Retirement Accounts and Plans are VITAL Considerations When You Separate From Your Spouse (part 2)
In separation and divorce, division of retirement accounts may seem daunting; there are two varieties that we, as divorce attorneys, encounter regularly: defined contribution plans and defined benefit plans.We covered Defined Contribution Plans in a previous blog, and today we’ll be covering Defined Benefit Plans.
Defined benefit plans differ from defined contribution plans in that benefits are typically based on a number of factors including, but not limited to, the following: your age, your years/hours/points of service, and/or your final or highest average compensation. Every plan has a different formula and required numbers of years of service (or points, if you are in the military).
You might be tempted to look at your or your spouse’s most recent statement for a defined benefit plan and conclude that the balance shown on the statement is what the asset is worth. If the statement does not show a “lump sum” amount for the benefit then you would be mistaken. The balance on the statement is typically not the actual present value of the asset, but rather the amount the participant has contributed during their employment/service plus some interest. It does not typically reflect the employer contribution.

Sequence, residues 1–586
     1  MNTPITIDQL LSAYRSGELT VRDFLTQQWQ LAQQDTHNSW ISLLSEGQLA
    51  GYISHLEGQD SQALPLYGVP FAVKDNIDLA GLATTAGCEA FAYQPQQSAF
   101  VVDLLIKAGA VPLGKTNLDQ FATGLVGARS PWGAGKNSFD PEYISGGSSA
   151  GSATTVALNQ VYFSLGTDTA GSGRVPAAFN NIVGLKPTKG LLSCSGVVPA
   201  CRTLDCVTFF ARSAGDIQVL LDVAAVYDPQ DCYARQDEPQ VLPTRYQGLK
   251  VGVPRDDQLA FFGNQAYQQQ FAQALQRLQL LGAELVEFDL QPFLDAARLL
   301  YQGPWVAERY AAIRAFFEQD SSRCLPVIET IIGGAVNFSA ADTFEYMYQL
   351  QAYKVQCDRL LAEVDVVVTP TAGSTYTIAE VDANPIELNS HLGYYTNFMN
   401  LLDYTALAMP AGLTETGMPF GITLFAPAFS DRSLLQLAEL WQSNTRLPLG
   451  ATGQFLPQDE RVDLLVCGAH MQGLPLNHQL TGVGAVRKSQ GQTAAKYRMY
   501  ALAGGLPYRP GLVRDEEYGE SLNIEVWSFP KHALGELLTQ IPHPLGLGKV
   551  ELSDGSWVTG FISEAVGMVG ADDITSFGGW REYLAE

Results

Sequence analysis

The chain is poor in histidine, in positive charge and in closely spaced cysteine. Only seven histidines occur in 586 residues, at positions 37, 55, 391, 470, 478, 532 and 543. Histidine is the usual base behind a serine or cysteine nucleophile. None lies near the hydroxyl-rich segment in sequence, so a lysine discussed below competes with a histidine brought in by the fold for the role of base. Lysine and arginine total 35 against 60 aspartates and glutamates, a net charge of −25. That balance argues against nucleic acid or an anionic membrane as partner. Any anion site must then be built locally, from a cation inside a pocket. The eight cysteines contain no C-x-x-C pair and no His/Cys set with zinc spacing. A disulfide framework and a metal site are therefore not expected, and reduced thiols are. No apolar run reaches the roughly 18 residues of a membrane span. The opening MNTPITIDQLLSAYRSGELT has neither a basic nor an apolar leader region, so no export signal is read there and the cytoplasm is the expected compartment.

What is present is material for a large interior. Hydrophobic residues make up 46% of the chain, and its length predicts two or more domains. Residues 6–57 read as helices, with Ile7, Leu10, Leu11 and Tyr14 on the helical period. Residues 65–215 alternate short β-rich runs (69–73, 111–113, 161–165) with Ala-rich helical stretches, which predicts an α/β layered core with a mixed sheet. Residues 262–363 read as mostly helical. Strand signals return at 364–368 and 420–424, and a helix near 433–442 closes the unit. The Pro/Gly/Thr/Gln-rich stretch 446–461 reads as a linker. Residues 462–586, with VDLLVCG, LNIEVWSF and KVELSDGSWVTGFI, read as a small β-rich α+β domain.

If you want to find out what a pension is worth, you will need an actuary do an analysis based upon life expectancy and present-day discounting (especially if you want to attempt to cash out your share of your spouse’s benefit). Actuaries calculate the lump sum values of streams of payment, which is what a pension benefit really is.
If you are not considering cashing out, or if that option is not available, there are TWO types of interest you can receive from your spouse’s defined benefit plan and both will require a Domestic Relations Order (DRO).
With a separate interest DRO, the non-participant spouse’s interest is segregated into its own pension and it is adjusted to their own life expectancy. They are then eligible to be paid for their life (although depending on their actual age, the alternate payee spouse may receive less each month than the participant). Your payout is determined by your life expectancy. If the alternate payee spouse dies before the participant spouse, the benefit will not “spring back” to the participant spouse.
With a shared interest DRO, the alternate payee spouse’s benefit is tied to the participant spouse’s benefit. Thus, you will not begin receiving a benefit until the participant spouse retires, and payments will end when the participant spouse dies (unless a joint-survivor annuity is elected). If the alternate payee spouse dies, the benefit may “spring back” to the participant spouse. If the participant spouse has already begun receiving their pension benefit prior to separation/divorce, then the shared interest approach is most likely the only available option.
It is very common for the defined benefit and defined contribution plans accumulated during the marriage to be the marriage’s most valuable assets, and a great deal of care needs to be taken when considering them as part of your marital estate.
The attorneys at Tom Bush Law Group will guide you through the intricacies and options related to defined benefit and defined contribution plans and work hand-in-hand with some of the most skilled actuaries in North Carolina.
By: Brandon McCarthy, Esquire. To schedule a call with Brandon or another of our family law attorneys, please call us at (704) 347-0110.